Convenience Clinics: Passing Fad or Smart Business Move?

Convenience Clinic Investment Instead of "a chicken in every pot," or a car in every garage, the modern epitome of lifestyle convenience might be a walk-in clinic on every corner. At least in some upscale suburban areas, this informal version of a licensed medical facility has become a trendy amenity and a big business opportunity for smart investors.

Whether it exists as an urgent care clinic or simply offers the ability to receive professional medical advice without first calling for an appointment, this type of clinic has sprung up from coast to coast since the beginning of the century.

These retail clinics exist in many forms: Stand alone operations, satellite facilities affiliated with major medical organizations, "boutique" components of other businesses, notably pharmacies, and as other business models that seek to provide better care at lower cost to more citizens.

Key to the Future?

For physician-investors interested in high ROI, such clinics hold promise, whether or not the plan is to play an active role as consulting physician or to take a backseat and hire other doctors to dispense treatment. There are associated risks and tax considerations of course, but an increasing number of medical professionals are becoming investors in private practices and retail clinics. In some cases, private equity investors are sought for relatively short terms, after which a sale is anticipated to a larger hospital group or health-care provider.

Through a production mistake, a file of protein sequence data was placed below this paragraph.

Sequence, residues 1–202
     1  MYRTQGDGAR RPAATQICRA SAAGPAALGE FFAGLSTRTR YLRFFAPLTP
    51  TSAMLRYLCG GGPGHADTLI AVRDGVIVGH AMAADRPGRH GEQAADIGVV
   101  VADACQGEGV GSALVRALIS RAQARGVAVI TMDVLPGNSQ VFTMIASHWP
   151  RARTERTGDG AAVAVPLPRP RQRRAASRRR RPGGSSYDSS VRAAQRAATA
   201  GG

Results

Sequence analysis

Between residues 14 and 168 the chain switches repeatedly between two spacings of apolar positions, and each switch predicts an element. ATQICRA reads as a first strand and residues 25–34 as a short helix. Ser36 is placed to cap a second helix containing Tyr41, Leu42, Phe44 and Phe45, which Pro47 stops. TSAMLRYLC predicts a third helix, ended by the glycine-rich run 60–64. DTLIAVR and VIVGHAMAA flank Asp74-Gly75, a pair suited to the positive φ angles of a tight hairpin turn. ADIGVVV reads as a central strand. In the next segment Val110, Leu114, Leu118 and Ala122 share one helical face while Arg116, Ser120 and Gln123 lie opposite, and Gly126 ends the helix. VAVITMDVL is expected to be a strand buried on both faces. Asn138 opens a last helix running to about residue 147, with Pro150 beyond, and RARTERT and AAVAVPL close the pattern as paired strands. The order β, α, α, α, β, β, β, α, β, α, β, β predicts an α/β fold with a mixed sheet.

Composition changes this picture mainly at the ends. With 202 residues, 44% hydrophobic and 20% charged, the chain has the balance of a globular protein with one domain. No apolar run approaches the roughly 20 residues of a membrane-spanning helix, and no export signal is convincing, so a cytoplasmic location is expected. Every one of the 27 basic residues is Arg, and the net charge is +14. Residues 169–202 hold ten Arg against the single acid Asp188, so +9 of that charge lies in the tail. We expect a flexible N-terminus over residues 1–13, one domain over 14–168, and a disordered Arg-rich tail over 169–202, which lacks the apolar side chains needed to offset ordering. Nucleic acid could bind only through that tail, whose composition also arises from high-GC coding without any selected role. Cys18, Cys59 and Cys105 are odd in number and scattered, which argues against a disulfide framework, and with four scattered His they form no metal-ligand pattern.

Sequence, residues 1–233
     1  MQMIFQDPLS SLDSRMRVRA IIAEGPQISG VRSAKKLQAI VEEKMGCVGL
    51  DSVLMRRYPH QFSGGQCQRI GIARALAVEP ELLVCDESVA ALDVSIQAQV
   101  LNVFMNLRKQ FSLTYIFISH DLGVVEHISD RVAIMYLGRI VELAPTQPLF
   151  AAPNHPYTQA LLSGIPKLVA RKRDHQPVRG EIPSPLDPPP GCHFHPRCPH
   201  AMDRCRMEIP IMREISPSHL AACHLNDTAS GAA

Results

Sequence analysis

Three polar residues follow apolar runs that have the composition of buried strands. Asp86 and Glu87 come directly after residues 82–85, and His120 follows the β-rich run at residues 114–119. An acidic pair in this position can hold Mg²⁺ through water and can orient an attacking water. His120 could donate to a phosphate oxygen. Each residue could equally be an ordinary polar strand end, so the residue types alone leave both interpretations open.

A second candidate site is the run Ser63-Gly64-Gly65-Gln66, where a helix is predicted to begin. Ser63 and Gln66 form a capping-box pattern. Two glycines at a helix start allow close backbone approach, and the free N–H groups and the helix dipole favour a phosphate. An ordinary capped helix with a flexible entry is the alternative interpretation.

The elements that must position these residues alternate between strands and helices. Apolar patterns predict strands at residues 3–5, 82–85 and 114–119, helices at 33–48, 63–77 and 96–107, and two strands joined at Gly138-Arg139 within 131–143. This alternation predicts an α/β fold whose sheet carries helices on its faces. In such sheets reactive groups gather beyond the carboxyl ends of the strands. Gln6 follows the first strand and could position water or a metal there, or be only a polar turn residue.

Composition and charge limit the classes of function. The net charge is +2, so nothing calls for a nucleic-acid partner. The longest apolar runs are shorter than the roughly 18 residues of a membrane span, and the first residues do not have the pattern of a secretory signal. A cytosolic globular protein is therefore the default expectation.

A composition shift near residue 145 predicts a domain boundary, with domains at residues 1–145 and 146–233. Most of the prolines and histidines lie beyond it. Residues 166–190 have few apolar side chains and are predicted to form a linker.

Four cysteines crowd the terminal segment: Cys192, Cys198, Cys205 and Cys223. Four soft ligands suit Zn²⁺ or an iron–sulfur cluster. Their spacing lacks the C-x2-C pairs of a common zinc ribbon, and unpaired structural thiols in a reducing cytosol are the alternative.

Much of this testifies to the current uncertainly of Medicare providers, medical insurance, and medical professionals themselves. It illustrates the need for wider reform of healthcare in the United States. But what about ROI?


Patient visits to walk-in clinics increased substantially between 2006 and 2014, from 1.5 million to 10.5 million. And, in Minnesota, a 2013 evaluation by a private non-profit research firm, gave high ratings to the quality of care received at such clinics. According to reports, the implementation of the Affordable Care Act has only served to broaden the appeal and expand the burgeoning business opportunities for both urgent care and retail clinics.

Even though the American Medical Association and other medical groups have voiced concerns about such clinics over the years, most states either opt not to regulate or keep the regulatory requirements minimal. Despite ongoing concerns that such clinics will weaken the doctor-patient relationship and cause health problems for American citizens, the opposite has been the case. In some communities, it is the walk-in clinics that refer a large number of patients to specialists for additional care. And, for the foreseeable future, the market seems to trend upward for the opening of more convenience clinics.

As an investor, due diligence is required, just as with any other financial commitment. But the current belief is that future growth of the retail medical clinic is assured, and that financial gain is not only possible but to be expected.

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